How to start exporting

As an exporter, it's your responsibility to ensure you meet all the requirements for your product and the destination market.

Before you start

First, you need to work out whether exporting is an option for you and then set up your business. Guides are available to help you.

Choose a market

Different markets have different rules and regulations for products entering their borders. Before you decide where to export to, you should:

  • check if your product has access to that market
  • check if you need an import permit for it
  • ideally, have an importer in the market
  • consider getting a reliable freight forwarder who works with that region.

You should also check whether your product needs:

  • an export certificate
  • to come from a registered manufacturer under a plan or programme, for example, a Risk Management Programme
  • to come from a manufacturer that's listed with export market Government authorities.

In some cases, you can only find these things out by reading password protected documents, which you may not be able to access without registering as an exporter. Our export advice team can give you some information before you register.

Ensure your product meets requirements

For all primary industry exports, you need to meet both the New Zealand requirements and any additional overseas market requirements.

Requirements depend on the product you're exporting and the market you're exporting to, but can include things like:

  • operating under a particular plan or programme throughout production
  • having operations regularly verified by an approved verifier
  • including specific information on labels.

Check the steps to meet specific requirements for your product.

Comply with New Zealand laws

Primary industry export requirements in New Zealand are covered by the following Acts:

Find out more

We've got legal overviews you can read if you want to learn more about the regulation we administer for the primary sector.

Check if you need to register as an exporter

You'll need to register as an exporter with MPI if you export:

  • animals and animal products (like meat, seafood, live animals, live bees, germplasm, dairy products, and foods containing animal products)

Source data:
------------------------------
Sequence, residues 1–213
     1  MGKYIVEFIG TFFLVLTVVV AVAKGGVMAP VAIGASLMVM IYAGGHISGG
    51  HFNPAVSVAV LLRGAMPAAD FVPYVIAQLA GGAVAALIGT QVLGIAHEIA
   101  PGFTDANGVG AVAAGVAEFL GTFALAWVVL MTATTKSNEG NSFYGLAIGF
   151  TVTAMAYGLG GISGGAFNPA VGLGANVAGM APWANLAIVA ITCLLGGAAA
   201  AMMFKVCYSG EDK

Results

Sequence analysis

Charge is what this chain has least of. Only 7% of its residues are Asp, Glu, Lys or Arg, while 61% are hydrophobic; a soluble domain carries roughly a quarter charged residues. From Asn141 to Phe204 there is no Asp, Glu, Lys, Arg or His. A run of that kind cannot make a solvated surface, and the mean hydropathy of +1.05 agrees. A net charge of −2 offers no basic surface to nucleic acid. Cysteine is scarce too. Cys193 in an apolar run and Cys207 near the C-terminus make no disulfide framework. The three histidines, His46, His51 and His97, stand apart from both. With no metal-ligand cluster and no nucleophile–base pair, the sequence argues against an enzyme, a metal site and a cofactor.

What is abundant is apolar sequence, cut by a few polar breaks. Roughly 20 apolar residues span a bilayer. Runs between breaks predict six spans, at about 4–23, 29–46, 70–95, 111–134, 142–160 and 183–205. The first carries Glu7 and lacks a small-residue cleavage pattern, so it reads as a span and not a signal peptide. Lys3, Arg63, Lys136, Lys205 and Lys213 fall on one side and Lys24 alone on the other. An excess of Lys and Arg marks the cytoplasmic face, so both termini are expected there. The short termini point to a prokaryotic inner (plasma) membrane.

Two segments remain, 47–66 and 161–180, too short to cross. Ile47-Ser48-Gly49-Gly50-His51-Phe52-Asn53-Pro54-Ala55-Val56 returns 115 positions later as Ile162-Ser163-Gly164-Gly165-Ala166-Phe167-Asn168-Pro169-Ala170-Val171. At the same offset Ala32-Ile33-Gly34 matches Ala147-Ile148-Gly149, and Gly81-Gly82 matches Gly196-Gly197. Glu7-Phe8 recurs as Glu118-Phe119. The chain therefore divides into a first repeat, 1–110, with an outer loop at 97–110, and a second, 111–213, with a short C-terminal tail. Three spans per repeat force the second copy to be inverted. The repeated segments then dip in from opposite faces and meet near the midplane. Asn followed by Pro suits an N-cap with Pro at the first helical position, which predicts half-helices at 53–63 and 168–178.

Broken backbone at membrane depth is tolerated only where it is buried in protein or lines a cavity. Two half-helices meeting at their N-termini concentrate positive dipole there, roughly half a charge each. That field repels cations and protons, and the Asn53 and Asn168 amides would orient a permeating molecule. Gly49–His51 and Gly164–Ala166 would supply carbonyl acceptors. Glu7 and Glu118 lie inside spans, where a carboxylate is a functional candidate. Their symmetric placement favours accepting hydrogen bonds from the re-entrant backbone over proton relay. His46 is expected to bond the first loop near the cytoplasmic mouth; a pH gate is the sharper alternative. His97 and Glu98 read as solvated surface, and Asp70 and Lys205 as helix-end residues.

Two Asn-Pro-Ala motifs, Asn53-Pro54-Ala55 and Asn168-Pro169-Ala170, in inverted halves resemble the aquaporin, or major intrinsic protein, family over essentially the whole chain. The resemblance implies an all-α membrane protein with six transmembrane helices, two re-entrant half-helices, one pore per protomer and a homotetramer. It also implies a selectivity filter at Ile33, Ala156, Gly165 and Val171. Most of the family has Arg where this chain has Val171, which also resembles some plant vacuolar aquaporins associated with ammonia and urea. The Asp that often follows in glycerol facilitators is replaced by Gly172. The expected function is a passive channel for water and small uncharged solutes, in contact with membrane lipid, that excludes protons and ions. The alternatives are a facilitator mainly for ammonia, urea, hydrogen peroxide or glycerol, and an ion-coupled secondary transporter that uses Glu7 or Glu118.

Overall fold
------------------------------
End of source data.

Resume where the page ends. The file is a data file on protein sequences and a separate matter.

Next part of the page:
• organic products produced under the Official Organic Assurance Programme that are destined for certain markets
  • non-New Zealand grape wine, fruit wine, cider, and mead.

Some exporters don't need to register but are still required to meet other export or destination country requirements. You don't need to register if you're exporting:

  • non-animal-product food products (unless exported under the Official Organics Assurance Programme - OOAP)
  • wine made from New Zealand grapes
  • plant products
  • organic products that are not produced under the OOAP
  • owners exporting their own animals for non-commercial reasons, like pet cat and dog owners.

If you need an export certificate

We use E-cert (electronic certification) to manage and track many products that will be exported and to issue official assurances or export certificates.

There are different e-cert applications for different products:

If your product is not managed through an electronic certification system, it may not need MPI certification. You'll need to check the requirements of the importing country.

If you are exporting food products manufactured in New Zealand, you may need a Free Sale Certificate (FSC) or a Free Sale Statement (FSS).

Request an export certificate

An export certificate is a type of official assurance that provides an importing country with confirmation from the New Zealand Government (MPI) that your product or commodity meets specified standards and requirements. You don't need one for all products.

Most export certificates are applied for through an e-cert system, but some are done differently.

Report any problems with an export

If you export animal products or material, or wine, you must report export non-conformances to MPI within 24 hours. If you don't, there are penalties. Non-conformance is when your product no longer meets requirements or is turned back at the border.

The reporting provides MPI with essential details for discussing issues with overseas counterparts, which may lead to improved access arrangements.

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